April 18, 2016 | Adrian Eskew
Coinsurance can be a tricky subject and outside of preparing an ITV in Xactimate, most adjusters are not often faced with how to properly calculate and document coinsurance, let alone apply penalties and communicate with the insured regarding proper documentation. In this article we are going to very briefly take a look at coinsurance, how it's defined and run through some basic calculations for property losses. At the end, I'll also introduce you to our brand new Coinsurance Calculator!
Let’s start by looking at the most basic coinsurance issue…
Most commercial policies have a coinsurance provision that must be adhered to by the insured. Coinsurance is a condition of the policy that allows a lower limit to be reflected for the building in exchange for the insured’s promise to be a co-insurer of that building. In other words, in exchange for lower premium, the insured is promising to self insure a percentage of the risk. If you have ever had to explain this to an insured (especially where penalty is involved) you know that most agents neglect to mention this condition quite as revealingly when selling the policy.
Anyhow, on to the calculations. Coinsurance percentages vary from policy to policy, coverage to coverage and can even vary from building to building. The dec page of the policy should show you the applicable percentage as a basis for your calculations. It is not uncommon to see eighty, ninety or one hundred percent coinsurance provisions. Here is a how it works:
Let’s say we reviewed the policy and have noted an 80% coinsurance provision for the affected building, as noted from our dec page below:
There is a Limit of Insurance for this building (described as Location 1, Building No. 1) in the amount of $400,000. Keep in mind, this figure can never increase or decrease without endorsement, so your coinsurance calculations will never change this number.
We need to determine how much the insurance is required in order to stay in compliance with the 80% coinsurance provision and avoid a penalty. This is done by preparing a Xactimate Commercial Insured to Value (ITV) Report, which prints out a couple of numbers for your use:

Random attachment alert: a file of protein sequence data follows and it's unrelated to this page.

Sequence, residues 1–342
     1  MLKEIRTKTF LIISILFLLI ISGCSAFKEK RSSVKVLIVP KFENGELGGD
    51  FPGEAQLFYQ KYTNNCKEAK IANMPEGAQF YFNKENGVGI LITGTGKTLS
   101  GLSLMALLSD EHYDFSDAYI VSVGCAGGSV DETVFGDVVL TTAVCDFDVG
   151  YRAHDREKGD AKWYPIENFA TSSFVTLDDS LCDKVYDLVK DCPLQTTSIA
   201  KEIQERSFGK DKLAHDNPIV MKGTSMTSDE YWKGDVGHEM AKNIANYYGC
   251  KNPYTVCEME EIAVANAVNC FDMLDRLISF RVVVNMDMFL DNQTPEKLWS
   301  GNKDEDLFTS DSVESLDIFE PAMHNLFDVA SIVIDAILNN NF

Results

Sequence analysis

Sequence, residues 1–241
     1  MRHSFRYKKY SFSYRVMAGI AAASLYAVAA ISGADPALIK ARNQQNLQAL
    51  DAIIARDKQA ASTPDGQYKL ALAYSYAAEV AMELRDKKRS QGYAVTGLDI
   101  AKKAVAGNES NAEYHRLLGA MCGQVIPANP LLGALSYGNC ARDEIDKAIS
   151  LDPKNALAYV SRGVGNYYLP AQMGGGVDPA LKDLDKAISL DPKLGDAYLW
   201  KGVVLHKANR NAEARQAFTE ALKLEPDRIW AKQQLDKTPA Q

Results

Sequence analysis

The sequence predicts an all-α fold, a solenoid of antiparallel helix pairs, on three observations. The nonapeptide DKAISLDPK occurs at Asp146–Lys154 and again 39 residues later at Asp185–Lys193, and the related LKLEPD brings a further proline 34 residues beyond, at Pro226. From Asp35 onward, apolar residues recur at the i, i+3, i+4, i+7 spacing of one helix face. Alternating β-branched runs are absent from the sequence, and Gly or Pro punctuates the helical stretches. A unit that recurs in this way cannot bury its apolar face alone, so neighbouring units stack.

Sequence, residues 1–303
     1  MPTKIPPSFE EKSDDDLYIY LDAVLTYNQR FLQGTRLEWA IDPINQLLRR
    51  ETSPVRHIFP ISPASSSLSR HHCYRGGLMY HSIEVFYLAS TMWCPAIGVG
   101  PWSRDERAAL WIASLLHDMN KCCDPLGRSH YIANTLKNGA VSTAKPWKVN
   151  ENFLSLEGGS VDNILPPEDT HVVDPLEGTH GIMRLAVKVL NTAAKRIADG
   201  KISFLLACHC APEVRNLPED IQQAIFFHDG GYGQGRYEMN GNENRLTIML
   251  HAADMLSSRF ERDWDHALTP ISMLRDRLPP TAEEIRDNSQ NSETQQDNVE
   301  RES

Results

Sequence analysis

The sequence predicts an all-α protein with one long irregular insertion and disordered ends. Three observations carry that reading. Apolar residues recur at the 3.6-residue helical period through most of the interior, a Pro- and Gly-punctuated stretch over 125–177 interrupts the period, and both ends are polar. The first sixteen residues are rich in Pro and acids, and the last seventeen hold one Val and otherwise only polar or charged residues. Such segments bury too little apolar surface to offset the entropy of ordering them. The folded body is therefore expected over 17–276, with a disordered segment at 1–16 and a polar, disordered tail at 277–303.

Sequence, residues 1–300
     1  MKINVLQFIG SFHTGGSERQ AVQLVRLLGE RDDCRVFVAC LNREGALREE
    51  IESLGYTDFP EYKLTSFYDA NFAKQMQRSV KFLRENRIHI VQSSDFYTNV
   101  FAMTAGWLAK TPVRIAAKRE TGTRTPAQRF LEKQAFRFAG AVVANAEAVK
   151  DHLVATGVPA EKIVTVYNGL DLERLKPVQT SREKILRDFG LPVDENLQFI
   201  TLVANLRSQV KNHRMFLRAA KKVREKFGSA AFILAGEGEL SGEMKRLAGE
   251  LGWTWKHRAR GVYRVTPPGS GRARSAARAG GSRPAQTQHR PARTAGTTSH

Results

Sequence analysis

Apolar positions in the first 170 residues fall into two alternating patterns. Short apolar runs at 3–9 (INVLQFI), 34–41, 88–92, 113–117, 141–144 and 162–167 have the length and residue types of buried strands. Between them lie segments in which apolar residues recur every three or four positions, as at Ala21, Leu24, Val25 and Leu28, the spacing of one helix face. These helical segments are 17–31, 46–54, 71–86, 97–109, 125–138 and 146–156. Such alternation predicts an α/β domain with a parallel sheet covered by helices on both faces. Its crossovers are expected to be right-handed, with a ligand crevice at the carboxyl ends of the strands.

In the example above, we have determined our building is worth $489,889.48 (RC). Our coinsurance percentage of 80% from the policy is used to determine how much insurance should be carried, like so:
$489,889.48 x 80% = $391,911.58
Whenever the amount of insurance that should have been carried, in our case $391,911.58 is less than that of the building limit ($400,000.00), the location is in compliance. The amount of insurance carried exceeds that of the requirement.
Same example as above, but let’s say there was a 90% coinsurance requirement instead. Here’s the math:
$489,889.48 x 90% = $440,900.53
Uh oh. The insured is not carrying enough insurance on this location and any covered loss is now subject to penalty. This penalty is calculated by taking the amount of insurance purchased and dividing it by the amount that should have been carried and multiplying the resulting number by the loss amount, then subtracting the deductible. Sounds complicated, but it’s not, here is the math, assuming a loss of $30,000 and $1,000 deductible:
That penalty multiplier is calculated by dividing the amount of coverage by the itv total after reflecting the percentage required: $400,000.00 / $440,900.53 = 0.907
So, for the purposes of reporting, your coinsurance statement would likely read like this:
We have prepared a commercial ITV for the damaged property and have determined the value of the building to be $489,889.48. The policy coinsurance requirement is 90%.
The insured is not in compliance with the coinsurance requirement and the loss is subject to penalty as follows:
$30,000.00 x 0.907 = $27,210.00 - $1,000.00 (policy deductible) = $26,210.00.
Or, given the first example, would read like this:
We have prepared a commercial ITV for the damaged property and have determined the value of the building to be $489,889.48. The policy coinsurance requirement is 80%.
The insured is in compliance with the coinsurance requirement
Now that we've taken a look at how to calculate coinsurance, how about a tool that will make this work a little easier? Our coinsurance calculator is here to save the day! Designed for ease of use, this little tool will take all the things we've already discussed into account. Plus it includes language that you can tweak and put into your report and will also let you deduct for items not covered. Be sure to check it out here.
Keep in mind, coinsurance can be affected by the loss settlement; meaning, does this policy pay for losses at ACV or RCV. Also, coinsurance is cancelled or waived by certain policy endorsements and provisions. Most carriers will also agree to pay ACV in lieu of an RC payment less applicable penalty. This is the option of the carrier of course. I hope you enjoyed the article, be sure to check out the tool!
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